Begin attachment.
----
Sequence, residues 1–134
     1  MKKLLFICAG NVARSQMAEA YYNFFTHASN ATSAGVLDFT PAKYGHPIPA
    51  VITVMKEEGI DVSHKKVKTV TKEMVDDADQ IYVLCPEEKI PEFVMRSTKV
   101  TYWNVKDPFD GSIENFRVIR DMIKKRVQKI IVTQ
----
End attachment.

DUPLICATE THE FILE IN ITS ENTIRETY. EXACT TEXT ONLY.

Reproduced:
Sequence, residues 1–134
     1  MKKLLFICAG NVARSQMAEA YYNFFTHASN ATSAGVLDFT PAKYGHPIPA
    51  VITVMKEEGI DVSHKKVKTV TKEMVDDADQ IYVLCPEEKI PEFVMRSTKV
   101  TYWNVKDPFD GSIENFRVIR DMIKKRVQKI IVTQ